Good housekeeping helps prevent infestation and, more importantly, reveals infestations early before significant damage is done. It is wise to treat, wash or dry clean second hand clothes immediately upon bringing them home. If exposed to beetles, untreated animal skins, fur clothes, woolen rags, etc., are likely to be infested. Be sure to clean out-of-season items before storing. Checking items that have not been used for several months helps prevent severe damage. Clothes that were worn or soiled, e.g. socks, sweaters or slippers are more likely to hold sweat or food particles, making the garments more attractive to these pests.
Dry cleaning kills the pests in all stages of development; washing is also helpful, as is using a clothes dryer. Remember that woolens are damaged by temperatures above 100°F; temperatures in clothes dryers range from 160 to 210°F. Placing clothes in tight plastic bags or trunks helps to discourage beetles, but is not always effective. Napthalene mothballs or flakes are a fair preventive. Paradichlorobenzene flakes are better because they also have some insecticidal effect. Do not count on cedar closets or chests to keep moths or carpet beetles from damaging garments. Moth-proof the garments. Valuable furs are best in cold storage (45°F or lower).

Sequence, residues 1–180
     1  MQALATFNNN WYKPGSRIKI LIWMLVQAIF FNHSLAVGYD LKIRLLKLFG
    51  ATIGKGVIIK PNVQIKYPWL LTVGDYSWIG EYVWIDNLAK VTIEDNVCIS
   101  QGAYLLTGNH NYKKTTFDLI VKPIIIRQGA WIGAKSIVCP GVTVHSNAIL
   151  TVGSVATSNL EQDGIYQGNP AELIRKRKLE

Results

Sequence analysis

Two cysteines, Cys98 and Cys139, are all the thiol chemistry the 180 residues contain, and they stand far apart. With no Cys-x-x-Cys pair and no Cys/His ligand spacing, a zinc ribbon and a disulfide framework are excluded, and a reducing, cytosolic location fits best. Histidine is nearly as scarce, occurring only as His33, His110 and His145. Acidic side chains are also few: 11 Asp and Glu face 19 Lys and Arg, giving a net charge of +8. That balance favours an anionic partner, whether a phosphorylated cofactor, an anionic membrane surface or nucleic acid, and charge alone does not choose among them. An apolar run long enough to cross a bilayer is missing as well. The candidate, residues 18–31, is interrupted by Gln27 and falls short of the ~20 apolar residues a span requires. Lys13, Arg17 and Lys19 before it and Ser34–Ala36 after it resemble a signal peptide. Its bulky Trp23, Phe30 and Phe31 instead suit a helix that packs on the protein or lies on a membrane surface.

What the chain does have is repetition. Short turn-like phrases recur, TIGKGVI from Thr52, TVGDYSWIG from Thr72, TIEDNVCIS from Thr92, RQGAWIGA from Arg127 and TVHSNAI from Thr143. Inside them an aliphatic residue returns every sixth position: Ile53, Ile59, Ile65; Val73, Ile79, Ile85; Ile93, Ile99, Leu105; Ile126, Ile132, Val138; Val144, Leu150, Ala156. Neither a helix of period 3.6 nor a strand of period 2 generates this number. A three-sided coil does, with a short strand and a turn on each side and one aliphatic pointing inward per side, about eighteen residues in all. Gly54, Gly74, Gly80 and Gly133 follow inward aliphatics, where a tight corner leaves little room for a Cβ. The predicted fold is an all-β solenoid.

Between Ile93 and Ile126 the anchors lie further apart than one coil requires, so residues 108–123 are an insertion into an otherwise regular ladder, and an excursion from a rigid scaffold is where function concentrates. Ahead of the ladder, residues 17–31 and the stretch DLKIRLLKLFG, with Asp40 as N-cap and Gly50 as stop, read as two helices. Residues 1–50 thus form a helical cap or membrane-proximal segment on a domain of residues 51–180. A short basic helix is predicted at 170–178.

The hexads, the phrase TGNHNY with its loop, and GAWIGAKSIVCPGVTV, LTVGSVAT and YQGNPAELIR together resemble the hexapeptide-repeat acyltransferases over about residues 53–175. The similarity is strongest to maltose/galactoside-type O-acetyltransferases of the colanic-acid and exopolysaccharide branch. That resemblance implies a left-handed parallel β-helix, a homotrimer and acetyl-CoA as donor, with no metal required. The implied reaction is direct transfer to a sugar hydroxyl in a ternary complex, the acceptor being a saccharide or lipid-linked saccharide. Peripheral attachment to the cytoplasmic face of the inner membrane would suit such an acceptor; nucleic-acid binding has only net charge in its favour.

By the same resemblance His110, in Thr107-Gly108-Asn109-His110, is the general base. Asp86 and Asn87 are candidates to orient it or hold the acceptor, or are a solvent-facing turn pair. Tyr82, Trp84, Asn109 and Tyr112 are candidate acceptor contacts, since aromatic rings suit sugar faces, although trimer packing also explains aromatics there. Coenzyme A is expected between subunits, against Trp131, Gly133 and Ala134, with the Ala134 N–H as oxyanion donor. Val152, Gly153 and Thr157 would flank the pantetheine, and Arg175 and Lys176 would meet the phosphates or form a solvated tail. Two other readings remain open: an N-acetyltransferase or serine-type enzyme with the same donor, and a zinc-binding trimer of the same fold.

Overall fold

Vacuuming upholstered furniture, carpets and carpet pads (especially edges of carpets and near mop boards), and hard to reach areas under furniture may also lessen the degree of an infestation. Do not overlook lint in isolated areas like heat ducts and attics.
Beetles can survive on foods caught under sinks and behind refrigerators. Pet foods can also sustain a carpet beetle infestation. Be aware of what is stored in attics. Anything beetles can feed on that was not treated with an insecticide and lies in an undisturbed place attracts the pests. Even felts in pianos and lined instrument cases have been destroyed. Check rodenticide baits (D-con, Havoc, etc.). These baits do not kill insects that feed on them.